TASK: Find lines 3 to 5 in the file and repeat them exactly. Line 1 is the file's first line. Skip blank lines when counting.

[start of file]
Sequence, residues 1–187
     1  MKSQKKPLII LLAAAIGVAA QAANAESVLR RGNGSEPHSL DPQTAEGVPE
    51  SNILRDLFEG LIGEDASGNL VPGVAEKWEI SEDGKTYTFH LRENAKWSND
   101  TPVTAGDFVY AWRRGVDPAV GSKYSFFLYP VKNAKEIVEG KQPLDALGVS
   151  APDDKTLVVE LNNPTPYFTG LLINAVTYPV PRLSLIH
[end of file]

    51  SNILRDLFEG LIGEDASGNL VPGVAEKWEI SEDGKTYTFH LRENAKWSND
   101  TPVTAGDFVY AWRRGVDPAV GSKYSFFLYP VKNAKEIVEG KQPLDALGVS
   151  APDDKTLVVE LNNPTPYFTG LLINAVTYPV PRLSLIH